The policy has been six years, it’s the general rule of the IRS and I can do a 30-minute presentation about why that six years is there, but I’ll just tell you, six years and then sometimes, you know, as I said, the ASFR program is much different than it was 10 years ago that before when I started doing tax resolution work so many years ago, people always go back six years, why? Because there weren’t really a lot of SFRs done, maybe there were two or three SFRs in more recent years but now what we’re seeing when someone is coming in 2015 owing taxes, well, there’s going to be SFRs back six years. And really there’ll be SFRs back to 2005 and the only thing that’s not assessed is maybe the last few years like 2014, 2013, 2012. So what we have to do is we have to file a tax return to check out that ASFR, technically it’s called an audit reconsideration. So really that six-year look back period isn’t so critical as it used to be because that SFR program is so strong.
Now, there’s some exceptions to the six-year, let’s just assume that there are no SFRs, you would file the six years and then you would then return for any SFRs that are still of balance due just to lower that and also to show the IRS that you want to be in compliance. And then some other exceptions to that six years that could pop up is if you have some offshore income and you have unfiled returns. There might be some circumstances where you’d be looking to eight years back, that’s a whole big long webinar and then also there’s different rules for expats, three years, maybe fine and so you would definitely want to get a legal opinion on which years you would have to get back if you are unsure.
Now, here’s one question submitted. “Wow, Anthony, you have convinced me to file my back tax returns with the IRS. What a handsome and wise genius you are, thank you. But one issue is practical, I am missing records so what should I do?” Again, your W-2, 1099, 1098, K-1s, all of those tax reporting documents are going to be on records. You would request something called your W&I transcript from the IRS. They would mail that to you and they’ll list all of your income and any withholdings that occurred. You could also get your bank records kind of – although these banks would love to charge money for that, so you could bother somebody up at the bank and print those up for you for free, usually the last three years you can get online, but going back more they will have – they’re just looking for an obscene amount of money.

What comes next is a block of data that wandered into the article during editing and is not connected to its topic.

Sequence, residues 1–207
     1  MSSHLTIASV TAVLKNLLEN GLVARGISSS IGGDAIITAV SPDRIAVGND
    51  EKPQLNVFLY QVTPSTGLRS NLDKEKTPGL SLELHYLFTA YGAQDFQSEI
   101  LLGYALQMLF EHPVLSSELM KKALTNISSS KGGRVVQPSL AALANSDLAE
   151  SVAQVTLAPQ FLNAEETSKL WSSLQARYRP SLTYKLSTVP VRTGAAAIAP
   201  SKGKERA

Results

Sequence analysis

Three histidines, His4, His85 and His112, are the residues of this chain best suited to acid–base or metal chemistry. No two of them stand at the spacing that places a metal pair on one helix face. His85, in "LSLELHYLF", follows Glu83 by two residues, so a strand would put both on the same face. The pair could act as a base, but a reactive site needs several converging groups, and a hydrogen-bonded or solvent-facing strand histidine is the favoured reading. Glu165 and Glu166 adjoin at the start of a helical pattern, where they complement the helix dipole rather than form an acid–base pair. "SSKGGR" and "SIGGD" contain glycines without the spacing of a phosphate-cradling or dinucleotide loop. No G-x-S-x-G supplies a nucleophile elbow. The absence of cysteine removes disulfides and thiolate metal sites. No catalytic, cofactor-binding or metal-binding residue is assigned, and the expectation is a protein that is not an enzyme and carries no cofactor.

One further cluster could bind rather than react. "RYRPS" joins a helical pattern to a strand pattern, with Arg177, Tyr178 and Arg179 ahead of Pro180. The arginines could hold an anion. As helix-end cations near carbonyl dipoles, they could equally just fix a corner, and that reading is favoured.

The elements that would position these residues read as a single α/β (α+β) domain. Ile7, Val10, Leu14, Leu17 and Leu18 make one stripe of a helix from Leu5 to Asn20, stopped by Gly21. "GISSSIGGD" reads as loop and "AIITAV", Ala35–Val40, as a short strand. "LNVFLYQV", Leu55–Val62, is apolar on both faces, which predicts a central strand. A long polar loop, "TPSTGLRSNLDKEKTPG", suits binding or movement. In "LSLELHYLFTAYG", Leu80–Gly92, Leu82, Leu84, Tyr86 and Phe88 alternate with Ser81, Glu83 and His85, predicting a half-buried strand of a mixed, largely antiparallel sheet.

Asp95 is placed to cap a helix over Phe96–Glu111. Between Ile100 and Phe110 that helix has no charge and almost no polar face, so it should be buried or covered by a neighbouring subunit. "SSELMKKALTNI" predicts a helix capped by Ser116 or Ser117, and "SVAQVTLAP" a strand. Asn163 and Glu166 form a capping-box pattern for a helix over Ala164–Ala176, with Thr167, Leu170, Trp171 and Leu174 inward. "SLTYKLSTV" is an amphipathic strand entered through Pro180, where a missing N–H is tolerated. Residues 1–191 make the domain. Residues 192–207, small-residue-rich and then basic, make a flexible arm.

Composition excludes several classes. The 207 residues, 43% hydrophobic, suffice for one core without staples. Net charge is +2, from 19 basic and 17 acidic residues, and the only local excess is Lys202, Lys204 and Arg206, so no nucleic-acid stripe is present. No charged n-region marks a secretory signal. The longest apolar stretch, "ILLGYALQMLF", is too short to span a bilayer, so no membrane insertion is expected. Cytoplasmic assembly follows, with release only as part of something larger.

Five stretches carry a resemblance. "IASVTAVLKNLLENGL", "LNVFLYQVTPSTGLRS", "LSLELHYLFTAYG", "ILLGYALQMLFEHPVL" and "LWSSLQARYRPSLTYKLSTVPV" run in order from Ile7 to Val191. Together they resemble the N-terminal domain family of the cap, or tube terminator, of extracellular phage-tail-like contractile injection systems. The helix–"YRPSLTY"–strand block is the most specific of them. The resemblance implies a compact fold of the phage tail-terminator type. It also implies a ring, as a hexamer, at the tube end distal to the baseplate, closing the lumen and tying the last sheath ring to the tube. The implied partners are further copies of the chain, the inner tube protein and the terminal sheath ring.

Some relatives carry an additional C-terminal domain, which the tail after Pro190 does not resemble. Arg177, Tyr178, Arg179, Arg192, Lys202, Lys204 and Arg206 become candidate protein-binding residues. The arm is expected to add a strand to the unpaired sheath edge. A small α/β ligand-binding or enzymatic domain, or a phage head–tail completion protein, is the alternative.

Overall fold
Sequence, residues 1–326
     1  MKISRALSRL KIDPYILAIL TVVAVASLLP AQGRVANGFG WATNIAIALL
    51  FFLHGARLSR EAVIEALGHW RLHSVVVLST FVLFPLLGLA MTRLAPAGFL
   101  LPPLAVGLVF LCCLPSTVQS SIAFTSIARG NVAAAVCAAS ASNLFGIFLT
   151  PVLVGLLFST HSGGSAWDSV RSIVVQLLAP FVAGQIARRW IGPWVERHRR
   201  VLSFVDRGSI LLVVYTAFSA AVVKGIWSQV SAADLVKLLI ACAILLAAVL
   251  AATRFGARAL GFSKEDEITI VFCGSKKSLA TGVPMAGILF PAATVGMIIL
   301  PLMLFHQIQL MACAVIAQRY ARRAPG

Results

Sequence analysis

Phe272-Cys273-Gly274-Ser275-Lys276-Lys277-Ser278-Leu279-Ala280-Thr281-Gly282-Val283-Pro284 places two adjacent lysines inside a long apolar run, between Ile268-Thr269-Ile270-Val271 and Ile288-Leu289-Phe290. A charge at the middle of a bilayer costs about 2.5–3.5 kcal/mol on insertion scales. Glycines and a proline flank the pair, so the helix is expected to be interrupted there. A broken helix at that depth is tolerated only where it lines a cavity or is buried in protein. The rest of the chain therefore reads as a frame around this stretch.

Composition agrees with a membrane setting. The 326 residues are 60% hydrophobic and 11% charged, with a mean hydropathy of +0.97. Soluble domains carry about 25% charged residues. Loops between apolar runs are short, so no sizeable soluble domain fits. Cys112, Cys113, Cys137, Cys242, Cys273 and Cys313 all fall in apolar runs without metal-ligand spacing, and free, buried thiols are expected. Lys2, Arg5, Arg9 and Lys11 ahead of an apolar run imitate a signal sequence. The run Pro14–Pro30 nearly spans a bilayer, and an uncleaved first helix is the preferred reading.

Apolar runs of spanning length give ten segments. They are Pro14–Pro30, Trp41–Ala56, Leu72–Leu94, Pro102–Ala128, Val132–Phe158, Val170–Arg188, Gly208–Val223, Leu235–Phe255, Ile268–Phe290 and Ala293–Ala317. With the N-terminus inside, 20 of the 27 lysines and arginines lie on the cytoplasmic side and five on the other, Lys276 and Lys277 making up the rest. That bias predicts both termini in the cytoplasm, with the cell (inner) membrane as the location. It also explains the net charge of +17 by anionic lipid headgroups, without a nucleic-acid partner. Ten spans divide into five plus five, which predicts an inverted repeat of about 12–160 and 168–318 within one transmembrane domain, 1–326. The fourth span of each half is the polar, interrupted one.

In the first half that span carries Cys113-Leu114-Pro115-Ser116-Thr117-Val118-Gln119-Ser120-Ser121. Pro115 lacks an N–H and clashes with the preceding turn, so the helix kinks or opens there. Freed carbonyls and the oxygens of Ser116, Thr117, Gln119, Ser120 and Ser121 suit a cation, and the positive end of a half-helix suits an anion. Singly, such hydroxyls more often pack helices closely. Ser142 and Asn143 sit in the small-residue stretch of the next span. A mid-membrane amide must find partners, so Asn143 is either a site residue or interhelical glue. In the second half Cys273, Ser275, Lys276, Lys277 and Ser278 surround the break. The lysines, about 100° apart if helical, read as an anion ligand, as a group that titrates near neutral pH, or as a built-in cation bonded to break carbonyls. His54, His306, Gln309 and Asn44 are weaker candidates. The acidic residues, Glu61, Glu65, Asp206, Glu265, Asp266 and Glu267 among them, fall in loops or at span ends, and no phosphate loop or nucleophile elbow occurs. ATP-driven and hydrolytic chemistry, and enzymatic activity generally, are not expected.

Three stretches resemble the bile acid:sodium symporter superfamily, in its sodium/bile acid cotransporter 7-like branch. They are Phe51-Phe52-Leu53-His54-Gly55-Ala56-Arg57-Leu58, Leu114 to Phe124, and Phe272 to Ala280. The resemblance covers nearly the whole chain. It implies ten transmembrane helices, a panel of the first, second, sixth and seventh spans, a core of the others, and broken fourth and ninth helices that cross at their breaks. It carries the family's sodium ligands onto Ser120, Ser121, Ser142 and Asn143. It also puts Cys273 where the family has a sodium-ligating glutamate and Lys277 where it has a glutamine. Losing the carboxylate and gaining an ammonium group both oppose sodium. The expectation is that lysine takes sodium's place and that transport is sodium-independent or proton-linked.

This is how banks make money now, so that’s one way and also gives us a good general idea because one of the last techniques that we use is something called biz stats and we use general guidelines, the typical margins of likeminded businesses. Just say that you own a pizza place and you had a really good idea that you made, you grossed $500,000 a year. We could use biz stats to say, “Well, if you gross $500,000 a year, generally this is what you pay for rent, generally, this is what you would pay for food cost, generally this is your labor cost” and then we’d be able to get a likely net income, and that’s really what we’re all legally required to do. It’s just something that’s based in reality and is really your best guess. That’s really what the law requires. Is it the exact number? No. But it’s a really great reasoning and great system to coming up with a name and it’s actually what we do in an audit, under audit situations when we are missing records for reasons such as fires, floods, etc or just being thrown out.
This is Anthony Parent of Parent & Parent LLP and I hope I answered some questions about what to do about those unfiled tax returns. Visit IRS Medic, we have a lot of information on there or if you are wondering if you have what it takes to be a client of ours, email firstname.lastname@example.org. We do look at everything. And this is Anthony Parent of IRS Medic and I thank you for watching.
If you need help with your unfiled returns, contact us. We can help.